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Rediscovering the Contributions of Forests and Trees to Transition Global Food Systems

USDA Forest Service, 1710 Research Center Drive, Blacksburg, VA 24060, USA
Faculty of Life Sciences, Rhine-Waal University of Applied Sciences, Marie-Curie-Str. 1, 47533 Kleve, Germany
Author to whom correspondence should be addressed.
Forests 2020, 11(10), 1098;
Received: 7 August 2020 / Revised: 2 October 2020 / Accepted: 12 October 2020 / Published: 16 October 2020
(This article belongs to the Special Issue Forest, Foods and Nutrition)
The importance of forests to safeguard agricultural production through regulating ecosystem services such as clean water, soil protection, and climate regulation is well documented, yet the contributions of forests and trees to provide food for the nutritional needs of the increasing human population has not been fully realized. Plants, fungi, and animals harvested from forests have long provided multiple benefits—for nutrition, health, income, and cultural purposes. Across the globe, the main element of “forest management” has been industrial wood production. Sourcing food from forests has been not even an afterthought but a subordinate activity that just happens and is largely invisible in official statistics. For many people, forests ensure a secure supply of essential foods and vital nutrients. For others, foraging forests for food offers cultural, recreational, and diversified culinary benefits. Increasingly, these products are perceived by consumers as being more “natural” and healthier than food from agricultural production. Forest-and wild-sourced products increasingly are being used as key ingredients in multiple billion dollar industries due to rising demand for “natural” food production. Consumer trends demonstrate growing interests in forest food gathering that involves biological processes and new forms of culturally embedded interactions with the natural world. Further, intensifying calls to “re-orient” agricultural production provides opportunities to expand the roles of forests in food production; to reset food systems by integrating forests and trees. We use examples of various plants, such as baobab, to explore ways forests and trees provide for food security and nutrition and illustrate elements of a framework to encourage integration of forests and trees. Forests and trees provide innovative opportunities and technological and logistical challenges to expand food systems and transition to a bioeconomy. This shift is essential to meet the expanding demand for secure and nutritious food, while conserving forest biodiversity. View Full-Text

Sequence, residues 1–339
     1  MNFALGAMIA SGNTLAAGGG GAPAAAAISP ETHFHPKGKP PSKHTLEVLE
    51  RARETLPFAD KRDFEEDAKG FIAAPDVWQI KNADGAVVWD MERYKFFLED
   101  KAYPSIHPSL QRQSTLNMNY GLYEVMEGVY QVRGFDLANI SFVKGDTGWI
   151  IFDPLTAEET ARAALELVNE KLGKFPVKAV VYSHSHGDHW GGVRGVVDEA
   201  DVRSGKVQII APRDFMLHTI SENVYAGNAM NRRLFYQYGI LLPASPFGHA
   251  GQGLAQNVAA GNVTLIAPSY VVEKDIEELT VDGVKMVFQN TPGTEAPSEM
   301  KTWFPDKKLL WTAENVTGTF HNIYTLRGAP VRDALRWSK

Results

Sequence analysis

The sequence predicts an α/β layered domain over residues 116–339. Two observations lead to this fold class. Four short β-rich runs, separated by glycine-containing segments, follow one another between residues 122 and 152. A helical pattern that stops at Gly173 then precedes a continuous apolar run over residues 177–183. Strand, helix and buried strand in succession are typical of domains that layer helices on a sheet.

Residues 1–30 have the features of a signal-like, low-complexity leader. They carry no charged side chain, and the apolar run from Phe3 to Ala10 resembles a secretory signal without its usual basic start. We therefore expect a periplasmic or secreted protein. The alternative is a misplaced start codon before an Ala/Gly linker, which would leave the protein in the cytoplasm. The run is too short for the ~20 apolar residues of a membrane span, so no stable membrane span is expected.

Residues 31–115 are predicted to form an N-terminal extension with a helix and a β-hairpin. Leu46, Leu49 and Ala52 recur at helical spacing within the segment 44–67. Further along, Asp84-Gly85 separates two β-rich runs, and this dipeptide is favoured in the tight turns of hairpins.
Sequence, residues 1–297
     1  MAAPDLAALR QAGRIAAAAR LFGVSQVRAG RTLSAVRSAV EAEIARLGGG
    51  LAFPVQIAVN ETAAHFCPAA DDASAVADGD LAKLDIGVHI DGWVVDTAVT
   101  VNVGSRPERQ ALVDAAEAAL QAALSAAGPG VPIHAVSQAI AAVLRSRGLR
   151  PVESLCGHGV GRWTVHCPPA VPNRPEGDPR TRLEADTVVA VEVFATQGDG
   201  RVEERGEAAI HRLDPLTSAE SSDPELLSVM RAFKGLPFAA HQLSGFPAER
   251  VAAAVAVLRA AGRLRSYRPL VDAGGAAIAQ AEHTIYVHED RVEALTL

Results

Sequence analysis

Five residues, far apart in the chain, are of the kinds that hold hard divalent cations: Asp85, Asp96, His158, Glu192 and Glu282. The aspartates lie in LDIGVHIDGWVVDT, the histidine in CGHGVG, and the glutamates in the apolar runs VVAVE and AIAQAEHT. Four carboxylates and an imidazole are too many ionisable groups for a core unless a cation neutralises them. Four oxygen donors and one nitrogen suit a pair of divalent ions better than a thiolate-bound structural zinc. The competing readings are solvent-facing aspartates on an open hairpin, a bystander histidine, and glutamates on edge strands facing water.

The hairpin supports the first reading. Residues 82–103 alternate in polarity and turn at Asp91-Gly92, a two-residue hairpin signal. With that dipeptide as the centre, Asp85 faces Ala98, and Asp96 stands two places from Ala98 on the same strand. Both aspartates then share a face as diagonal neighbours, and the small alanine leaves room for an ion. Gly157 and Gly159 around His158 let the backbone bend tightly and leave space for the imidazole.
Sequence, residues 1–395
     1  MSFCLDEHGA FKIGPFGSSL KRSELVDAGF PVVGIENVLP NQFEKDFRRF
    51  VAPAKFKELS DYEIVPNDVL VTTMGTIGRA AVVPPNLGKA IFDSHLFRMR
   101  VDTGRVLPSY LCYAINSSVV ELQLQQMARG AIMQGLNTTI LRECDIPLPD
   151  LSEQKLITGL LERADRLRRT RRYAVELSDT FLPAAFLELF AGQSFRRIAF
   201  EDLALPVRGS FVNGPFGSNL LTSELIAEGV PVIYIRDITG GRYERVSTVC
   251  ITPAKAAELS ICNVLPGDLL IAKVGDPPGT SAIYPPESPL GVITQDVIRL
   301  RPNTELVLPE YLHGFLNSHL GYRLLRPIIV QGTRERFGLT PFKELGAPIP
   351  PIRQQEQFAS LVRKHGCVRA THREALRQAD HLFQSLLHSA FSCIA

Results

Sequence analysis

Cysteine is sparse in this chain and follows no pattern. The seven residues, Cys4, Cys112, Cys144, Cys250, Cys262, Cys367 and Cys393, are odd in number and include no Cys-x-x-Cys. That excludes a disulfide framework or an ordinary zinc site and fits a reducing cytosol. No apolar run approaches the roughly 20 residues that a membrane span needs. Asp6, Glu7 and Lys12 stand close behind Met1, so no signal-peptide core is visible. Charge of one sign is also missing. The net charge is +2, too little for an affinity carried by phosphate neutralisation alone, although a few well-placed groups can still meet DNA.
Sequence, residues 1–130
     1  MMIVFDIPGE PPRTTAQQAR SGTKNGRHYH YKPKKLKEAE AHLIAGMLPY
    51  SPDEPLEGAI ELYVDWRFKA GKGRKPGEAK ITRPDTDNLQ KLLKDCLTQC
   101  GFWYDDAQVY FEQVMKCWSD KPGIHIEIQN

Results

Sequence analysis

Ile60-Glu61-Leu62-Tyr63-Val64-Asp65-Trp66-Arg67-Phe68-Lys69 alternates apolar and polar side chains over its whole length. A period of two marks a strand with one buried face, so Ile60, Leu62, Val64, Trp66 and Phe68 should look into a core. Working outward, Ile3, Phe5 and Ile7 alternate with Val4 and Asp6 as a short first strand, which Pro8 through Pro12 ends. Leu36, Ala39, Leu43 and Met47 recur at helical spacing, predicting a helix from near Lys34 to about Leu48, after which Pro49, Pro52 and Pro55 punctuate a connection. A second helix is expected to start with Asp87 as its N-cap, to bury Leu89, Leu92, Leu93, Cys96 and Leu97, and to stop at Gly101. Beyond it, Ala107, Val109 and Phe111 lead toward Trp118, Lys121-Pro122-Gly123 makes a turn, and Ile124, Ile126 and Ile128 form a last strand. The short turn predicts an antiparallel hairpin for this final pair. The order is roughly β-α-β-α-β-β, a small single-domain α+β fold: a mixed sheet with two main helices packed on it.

Keywords: bioeconomy; food and nutrition security; forests and trees; forest foods; wild harvesting bioeconomy; food and nutrition security; forests and trees; forest foods; wild harvesting
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Chamberlain, J.L.; Darr, D.; Meinhold, K. Rediscovering the Contributions of Forests and Trees to Transition Global Food Systems. Forests 2020, 11, 1098.

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